Vacancy: Brazil Otter Sanctuary and Conservation
Reference Number: BOP
Category: Conservation Projects (Conservation projects, Marine Conservation, Wildlife)
Cost : from £399
Officially known as the Federative Republic of Brazil (República Federativa do Brasil) is the largest sovereign state in Latin America. A federal republic, Brazil is the world's fifth-largest country, by both geographical area and total population and it is the largest Portuguese-speaking country in the world, and the only one in the Americas. Brazil's Amazon River basin includes a vast tropical rainforest, home to diverse wildlife, a variety of ecological systems, and extensive natural resources spanning numerous protected habitats.This unique environmental heritage makes Brazil one of 17 megadiverse countries, and is the subject of significant global interest and debate regarding deforestation and environmental protection of it's flora and fauna.
The project is located on Ilha de Santa Catarina, just off the southern coast of Brazil. The capital is the city of Florianópolis, and it is connected to the mainland by two bridges. There are several beach resorts on the island that attract many visitors which can be a major threat to local neotropical otter (Lontra longicaudis) populations. The International Union for Conservation of Nature (IUCN) states that the neo-tropical otter is 'data deficient' and has been subject to little study. The IUCN currently classifies it as a 'near-threatened' species, though they state that there is emerging data that would justify changing the otter's conservation status to 'threatened'.
What does the project do?
The study area is an important site for otter reproduction and a great deal of research is undertaken by our local partners with basic field work focusing on mapping otter burrows, studying their general ecology and relationships with their ecosystems and also breeding habits. More advance research techniques are also used, such as DNA analysis and application of radiotelemetry. Currently there is an important research project that studies the sounds otters emit and how they communicate with one another. Other studies include burrow interaction, otter parasites, biochemistry and of the behavior in captivity.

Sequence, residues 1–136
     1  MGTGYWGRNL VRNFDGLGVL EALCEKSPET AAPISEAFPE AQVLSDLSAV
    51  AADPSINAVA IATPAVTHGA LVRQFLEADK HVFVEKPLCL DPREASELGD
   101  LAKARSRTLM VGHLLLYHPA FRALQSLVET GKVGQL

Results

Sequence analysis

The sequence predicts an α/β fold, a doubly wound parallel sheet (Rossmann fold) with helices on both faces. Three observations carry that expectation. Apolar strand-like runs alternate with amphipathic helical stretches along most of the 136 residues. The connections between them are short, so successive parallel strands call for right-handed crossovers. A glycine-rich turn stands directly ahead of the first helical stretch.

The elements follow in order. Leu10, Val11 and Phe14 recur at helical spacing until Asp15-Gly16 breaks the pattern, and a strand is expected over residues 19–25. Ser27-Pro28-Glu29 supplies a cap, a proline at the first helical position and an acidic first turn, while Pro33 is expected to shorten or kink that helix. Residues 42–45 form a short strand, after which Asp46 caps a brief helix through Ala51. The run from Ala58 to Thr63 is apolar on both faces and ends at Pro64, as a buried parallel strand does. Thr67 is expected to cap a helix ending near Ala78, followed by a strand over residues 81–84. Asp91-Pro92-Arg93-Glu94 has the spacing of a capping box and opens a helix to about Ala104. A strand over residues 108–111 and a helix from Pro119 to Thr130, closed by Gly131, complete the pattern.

These several different projects compliment each other and aim to contribute to filling in the gaps in knowledge about how to conserve the species and its habitat. The otter is a very sensitive animal whose survival is directly linked to the preservation and conservation of water and ecological corridors. Alongside studying wild otters the project site is also home to a breeding sanctuary. The sanctuary often cares for orphaned otters which volunteers may help to feed and clean. The centre carries out environmental enrichment for these orphans and may carry out behavioural research on these individuals.
What will I be doing?
Your role will vary and will depend very much on current research and breeding centre objectives and priorities. One of your main roles will be helping to feed the otters in the Breeding Sanctuary in the morning and evening. You may also help to carry out behavioural studies on the captive otters and collect this data. Fieldwork may be carried out by kayaking or trekking. With the assistance of field staff you may help to analyse the otter’s frequency at shelters, monitor nests and assess food habits. Due to their shy nature, it can be very difficult to spot wild otters and much of the work is done through registering signs of their presence and behaviour.